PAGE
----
Transgender Swimmer Lia Thomas has used her first TV interview to hit back at critics who claim she has an “unfair advantage” as she competed on the women’s swim team at the University of Pennsylvania as a trans-athlete.
Following her recent graduation from UPenn, Thomas spoke to ABC News’ Juju Chang about her struggles with gender dysphoria before she started the process of transitioning from male to female. She also spoke of how she hesitated on transitioning beforehand because she was afraid of not being able to swim competitively anymore.
“I was barely going to classes. I could really barely get out of bed,” Thomas explained. “I said, ‘I can’t live like this anymore. I want to live again. I want to be able to do things I enjoy.’”
Thomas has drawn massive public interest in recent months for breaking records in women’s swimming, though she has also been a lightning rod for controversy from critics who say that someone who was assigned male at birth like Thomas has an unfair physical advantage over women who were biologically born female. NCAA rules allow transgender athletes to compete as women after a year of hormonal replacement therapy, and the organization has announced new guidelines stating the governing body of each individual sport will determine the participation of transgender athletes.
Thomas spoke about the therapy she went through by saying, “The mental and emotional changes actually happened very quickly. I was feeling a lot better mentally. I was less depressed, and I lost muscle mass, and I became a lot weaker and a lot, a lot slower in the water.” When asked about those accusing her of having a competitive advantage over cisgender women, Thomas said, “there’s a lot of factors that go into a race and how well you do.”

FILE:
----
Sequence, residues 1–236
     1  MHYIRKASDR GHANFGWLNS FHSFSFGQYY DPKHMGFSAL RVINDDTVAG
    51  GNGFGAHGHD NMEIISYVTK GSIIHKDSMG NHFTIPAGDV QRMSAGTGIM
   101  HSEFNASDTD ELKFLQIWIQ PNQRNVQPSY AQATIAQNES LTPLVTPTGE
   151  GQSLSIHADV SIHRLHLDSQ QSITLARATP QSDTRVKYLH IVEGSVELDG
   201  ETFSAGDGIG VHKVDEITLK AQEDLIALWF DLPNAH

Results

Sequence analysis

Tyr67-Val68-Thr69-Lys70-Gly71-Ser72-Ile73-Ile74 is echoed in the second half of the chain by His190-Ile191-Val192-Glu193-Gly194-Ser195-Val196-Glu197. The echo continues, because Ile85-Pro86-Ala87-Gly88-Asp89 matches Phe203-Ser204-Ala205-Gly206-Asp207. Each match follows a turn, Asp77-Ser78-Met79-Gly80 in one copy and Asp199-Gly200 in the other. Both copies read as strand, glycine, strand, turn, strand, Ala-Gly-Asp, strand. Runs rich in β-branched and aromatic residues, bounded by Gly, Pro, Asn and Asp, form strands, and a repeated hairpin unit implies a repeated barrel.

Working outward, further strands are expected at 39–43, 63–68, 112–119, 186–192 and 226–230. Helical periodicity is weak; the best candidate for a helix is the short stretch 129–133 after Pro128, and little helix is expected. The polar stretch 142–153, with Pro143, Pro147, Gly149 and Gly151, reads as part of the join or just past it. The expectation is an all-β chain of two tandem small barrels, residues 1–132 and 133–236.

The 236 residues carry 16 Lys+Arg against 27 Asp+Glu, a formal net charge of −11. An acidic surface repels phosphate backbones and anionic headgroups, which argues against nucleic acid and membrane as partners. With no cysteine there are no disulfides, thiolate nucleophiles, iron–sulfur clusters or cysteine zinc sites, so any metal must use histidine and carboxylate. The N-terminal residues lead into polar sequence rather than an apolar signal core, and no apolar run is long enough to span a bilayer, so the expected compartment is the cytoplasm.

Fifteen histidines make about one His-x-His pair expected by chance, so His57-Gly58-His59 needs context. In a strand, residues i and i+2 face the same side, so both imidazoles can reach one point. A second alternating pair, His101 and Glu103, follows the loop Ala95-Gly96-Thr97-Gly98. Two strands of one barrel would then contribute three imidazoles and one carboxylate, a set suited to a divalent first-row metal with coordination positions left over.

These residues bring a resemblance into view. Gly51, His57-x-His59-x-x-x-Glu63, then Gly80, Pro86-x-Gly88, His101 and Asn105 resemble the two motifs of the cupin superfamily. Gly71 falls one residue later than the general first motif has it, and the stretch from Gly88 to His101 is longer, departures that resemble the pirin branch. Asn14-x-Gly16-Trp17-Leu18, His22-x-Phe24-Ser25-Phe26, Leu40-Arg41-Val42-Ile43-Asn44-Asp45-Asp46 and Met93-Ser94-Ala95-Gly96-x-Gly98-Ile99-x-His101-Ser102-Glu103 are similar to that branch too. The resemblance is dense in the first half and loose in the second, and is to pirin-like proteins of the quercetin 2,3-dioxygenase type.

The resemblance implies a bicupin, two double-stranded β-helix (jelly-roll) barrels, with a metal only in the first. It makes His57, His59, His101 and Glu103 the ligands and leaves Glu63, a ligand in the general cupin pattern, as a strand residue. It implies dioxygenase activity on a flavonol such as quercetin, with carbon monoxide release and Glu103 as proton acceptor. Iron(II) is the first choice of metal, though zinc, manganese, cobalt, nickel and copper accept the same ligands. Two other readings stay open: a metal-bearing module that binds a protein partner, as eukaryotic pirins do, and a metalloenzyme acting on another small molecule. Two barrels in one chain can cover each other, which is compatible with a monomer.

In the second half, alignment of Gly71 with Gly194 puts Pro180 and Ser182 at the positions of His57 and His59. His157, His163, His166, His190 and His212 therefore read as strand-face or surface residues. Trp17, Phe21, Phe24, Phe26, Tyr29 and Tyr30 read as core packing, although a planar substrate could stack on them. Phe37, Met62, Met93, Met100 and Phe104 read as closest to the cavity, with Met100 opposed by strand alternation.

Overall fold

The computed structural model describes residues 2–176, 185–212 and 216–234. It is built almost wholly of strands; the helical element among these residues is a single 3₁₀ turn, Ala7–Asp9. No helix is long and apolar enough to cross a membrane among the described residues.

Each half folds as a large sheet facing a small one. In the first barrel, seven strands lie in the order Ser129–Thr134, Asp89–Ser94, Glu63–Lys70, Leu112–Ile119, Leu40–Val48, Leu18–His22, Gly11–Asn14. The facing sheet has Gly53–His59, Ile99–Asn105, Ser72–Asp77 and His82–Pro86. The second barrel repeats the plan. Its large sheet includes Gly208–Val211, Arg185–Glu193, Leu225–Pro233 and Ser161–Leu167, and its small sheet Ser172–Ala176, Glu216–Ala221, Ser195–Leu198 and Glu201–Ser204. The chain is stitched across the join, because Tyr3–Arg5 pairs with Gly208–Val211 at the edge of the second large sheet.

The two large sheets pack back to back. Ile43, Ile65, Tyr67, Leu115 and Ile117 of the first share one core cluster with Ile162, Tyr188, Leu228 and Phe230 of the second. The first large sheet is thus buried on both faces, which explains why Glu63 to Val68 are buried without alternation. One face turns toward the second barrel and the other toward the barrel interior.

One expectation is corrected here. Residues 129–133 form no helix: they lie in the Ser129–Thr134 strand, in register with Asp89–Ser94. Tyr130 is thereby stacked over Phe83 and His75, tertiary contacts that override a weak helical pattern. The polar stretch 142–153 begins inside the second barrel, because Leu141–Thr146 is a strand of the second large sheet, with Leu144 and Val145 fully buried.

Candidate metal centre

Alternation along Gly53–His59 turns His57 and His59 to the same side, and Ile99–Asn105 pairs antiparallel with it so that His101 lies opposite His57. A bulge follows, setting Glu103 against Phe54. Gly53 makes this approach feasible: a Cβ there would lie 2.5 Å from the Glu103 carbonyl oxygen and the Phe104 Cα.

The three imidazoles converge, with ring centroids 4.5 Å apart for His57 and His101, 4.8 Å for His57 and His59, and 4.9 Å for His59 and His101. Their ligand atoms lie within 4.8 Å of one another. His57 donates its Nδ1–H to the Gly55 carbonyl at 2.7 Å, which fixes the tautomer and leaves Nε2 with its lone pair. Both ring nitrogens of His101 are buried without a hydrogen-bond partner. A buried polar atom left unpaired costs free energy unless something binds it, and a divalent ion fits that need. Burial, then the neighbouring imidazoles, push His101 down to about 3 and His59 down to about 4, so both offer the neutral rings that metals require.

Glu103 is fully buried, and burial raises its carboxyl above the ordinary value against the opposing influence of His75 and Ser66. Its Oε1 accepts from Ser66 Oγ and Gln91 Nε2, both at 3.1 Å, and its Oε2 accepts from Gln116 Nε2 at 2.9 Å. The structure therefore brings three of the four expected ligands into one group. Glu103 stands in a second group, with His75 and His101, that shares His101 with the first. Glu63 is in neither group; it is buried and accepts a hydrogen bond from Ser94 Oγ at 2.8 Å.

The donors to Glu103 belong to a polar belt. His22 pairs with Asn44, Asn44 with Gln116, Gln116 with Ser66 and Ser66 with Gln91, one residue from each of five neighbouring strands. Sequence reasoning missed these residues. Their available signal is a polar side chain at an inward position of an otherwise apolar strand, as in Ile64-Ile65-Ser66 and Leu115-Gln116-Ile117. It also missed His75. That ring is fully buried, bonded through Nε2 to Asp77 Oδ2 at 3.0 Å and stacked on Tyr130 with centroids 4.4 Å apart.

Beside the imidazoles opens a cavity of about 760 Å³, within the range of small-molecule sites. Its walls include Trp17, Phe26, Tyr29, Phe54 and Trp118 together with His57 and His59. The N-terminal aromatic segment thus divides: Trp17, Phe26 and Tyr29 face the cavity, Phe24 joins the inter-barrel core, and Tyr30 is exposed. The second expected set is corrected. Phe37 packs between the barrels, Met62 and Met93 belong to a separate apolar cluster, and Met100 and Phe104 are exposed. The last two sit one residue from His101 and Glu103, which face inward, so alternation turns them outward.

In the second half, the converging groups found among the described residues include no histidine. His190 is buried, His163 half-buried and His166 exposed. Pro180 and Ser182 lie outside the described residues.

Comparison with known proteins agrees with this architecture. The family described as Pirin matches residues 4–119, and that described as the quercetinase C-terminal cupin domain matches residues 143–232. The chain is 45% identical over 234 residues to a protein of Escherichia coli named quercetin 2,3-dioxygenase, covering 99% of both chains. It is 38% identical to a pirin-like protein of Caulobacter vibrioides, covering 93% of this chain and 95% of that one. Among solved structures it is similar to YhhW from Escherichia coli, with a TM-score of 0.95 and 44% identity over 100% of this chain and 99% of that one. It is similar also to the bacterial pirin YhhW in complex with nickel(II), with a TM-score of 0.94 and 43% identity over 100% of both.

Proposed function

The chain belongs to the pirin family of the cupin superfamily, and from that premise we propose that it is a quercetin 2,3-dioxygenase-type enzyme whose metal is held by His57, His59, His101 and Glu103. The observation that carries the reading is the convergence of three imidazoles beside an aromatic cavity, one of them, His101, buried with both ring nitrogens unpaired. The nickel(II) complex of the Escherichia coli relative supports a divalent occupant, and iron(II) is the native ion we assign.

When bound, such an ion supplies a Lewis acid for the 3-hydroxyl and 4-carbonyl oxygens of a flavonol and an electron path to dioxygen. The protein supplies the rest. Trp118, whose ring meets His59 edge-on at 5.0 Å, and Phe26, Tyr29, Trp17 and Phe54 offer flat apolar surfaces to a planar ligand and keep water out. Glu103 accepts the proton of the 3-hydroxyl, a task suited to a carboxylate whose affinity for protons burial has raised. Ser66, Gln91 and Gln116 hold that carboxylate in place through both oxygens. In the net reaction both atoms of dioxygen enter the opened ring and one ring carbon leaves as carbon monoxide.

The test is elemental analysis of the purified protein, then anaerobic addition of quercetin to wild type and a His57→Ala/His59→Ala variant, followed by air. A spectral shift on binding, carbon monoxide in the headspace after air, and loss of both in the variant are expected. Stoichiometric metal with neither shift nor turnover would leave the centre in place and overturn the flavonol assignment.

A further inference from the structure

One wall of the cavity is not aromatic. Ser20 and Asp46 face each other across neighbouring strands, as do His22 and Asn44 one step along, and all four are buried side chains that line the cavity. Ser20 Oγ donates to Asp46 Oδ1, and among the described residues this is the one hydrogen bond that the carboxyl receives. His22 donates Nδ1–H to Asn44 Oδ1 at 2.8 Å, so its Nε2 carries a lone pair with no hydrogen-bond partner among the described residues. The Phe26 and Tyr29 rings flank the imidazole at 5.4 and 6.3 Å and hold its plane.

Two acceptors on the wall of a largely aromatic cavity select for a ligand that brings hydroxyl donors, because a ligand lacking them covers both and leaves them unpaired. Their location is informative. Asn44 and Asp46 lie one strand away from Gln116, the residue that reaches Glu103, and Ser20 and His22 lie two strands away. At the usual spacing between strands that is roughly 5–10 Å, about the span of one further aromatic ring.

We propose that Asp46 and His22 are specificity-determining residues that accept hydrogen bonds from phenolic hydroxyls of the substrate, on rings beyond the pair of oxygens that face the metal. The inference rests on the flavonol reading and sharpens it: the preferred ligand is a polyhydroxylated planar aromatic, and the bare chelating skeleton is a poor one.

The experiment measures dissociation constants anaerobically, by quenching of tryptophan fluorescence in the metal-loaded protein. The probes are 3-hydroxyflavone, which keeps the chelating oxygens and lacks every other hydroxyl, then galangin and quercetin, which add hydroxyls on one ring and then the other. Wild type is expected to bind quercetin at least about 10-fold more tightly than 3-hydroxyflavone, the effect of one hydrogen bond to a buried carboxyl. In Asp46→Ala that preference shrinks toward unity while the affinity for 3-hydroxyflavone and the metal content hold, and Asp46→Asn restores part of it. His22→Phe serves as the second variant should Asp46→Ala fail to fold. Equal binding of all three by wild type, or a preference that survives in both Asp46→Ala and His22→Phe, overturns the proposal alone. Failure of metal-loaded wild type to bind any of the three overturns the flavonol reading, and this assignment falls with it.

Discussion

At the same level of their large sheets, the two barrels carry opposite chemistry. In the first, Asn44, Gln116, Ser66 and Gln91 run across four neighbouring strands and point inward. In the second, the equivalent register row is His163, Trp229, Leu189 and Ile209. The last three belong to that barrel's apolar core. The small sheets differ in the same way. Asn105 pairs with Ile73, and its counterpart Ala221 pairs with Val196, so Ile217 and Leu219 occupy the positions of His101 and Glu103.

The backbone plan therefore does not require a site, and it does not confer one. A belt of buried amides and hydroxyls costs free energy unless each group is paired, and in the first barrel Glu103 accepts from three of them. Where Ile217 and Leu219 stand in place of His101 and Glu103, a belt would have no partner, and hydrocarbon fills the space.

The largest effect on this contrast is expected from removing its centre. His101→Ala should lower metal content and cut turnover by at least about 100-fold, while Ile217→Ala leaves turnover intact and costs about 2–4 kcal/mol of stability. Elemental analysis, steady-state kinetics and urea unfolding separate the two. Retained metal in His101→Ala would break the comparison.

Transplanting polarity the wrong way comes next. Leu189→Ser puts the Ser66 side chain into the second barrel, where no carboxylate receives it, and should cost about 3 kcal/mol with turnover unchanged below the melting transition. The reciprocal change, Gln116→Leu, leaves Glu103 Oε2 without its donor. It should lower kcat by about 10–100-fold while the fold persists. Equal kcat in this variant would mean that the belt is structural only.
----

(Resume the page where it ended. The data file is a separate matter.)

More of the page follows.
Thomas did compete as a male swimmer against other male swimmers before she began transitioning.
“The biggest change for me is that I’m happy,” she continued. “Sophomore year, when I had my best times competing with the men, I was miserable. And so, having that be lifted is incredibly relieving, and allows me to put my all into training, into racing. Trans people don’t transition for athletics. We transition to be happy and authentic and our true selves. Transitioning to get an advantage is not something that ever factors into our decisions.”
Chang proceeded to bring up the letter anonymously signed by 16 of Thomas’ teammates who said her place on the women’s swim team was a “threat” to women’s sports.
“You can’t go halfway and be, like, ‘I support trans women and trans people, but only to a certain point,'” Thomas responded. “If you support trans women as women, they’ve met all the NCAA requirements; then I don’t know if you can really say something like that. Trans women are not a threat to women’s sports.”
She also rejected the idea of having transgender people be disqualified from competitions or having them only compete against each other.
“In addition to not allowing the full athletic experience, that’s incredibly othering to trans people who already face immense discrimination in other parts of our lives,” said Thomas. “To then again have this discrimination in sports and be, like, ‘Oh, OK, you can swim, but only over there, like in that lane.’ It’s very othering.”